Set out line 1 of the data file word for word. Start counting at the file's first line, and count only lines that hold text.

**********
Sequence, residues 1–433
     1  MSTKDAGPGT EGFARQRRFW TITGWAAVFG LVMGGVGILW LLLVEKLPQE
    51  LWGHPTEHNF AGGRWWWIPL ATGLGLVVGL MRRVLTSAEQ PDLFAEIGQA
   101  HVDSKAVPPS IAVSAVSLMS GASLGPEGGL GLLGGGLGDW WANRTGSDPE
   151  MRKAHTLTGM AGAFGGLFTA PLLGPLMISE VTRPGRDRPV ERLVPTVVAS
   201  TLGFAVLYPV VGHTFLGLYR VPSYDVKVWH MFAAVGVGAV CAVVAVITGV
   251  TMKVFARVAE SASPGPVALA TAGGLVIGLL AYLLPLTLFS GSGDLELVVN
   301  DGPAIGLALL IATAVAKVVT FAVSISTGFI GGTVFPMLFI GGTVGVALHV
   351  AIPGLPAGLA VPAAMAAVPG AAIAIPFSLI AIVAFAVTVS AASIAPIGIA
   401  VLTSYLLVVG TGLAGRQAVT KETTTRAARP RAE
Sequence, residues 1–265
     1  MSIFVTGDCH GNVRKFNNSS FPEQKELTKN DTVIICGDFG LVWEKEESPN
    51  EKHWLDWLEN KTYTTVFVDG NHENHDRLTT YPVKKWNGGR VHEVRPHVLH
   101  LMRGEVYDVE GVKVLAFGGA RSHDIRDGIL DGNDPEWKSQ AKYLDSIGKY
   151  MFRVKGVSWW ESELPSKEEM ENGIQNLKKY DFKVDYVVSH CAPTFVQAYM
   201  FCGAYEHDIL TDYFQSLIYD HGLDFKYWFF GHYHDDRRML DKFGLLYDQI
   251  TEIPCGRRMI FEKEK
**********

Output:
Sequence, residues 1–433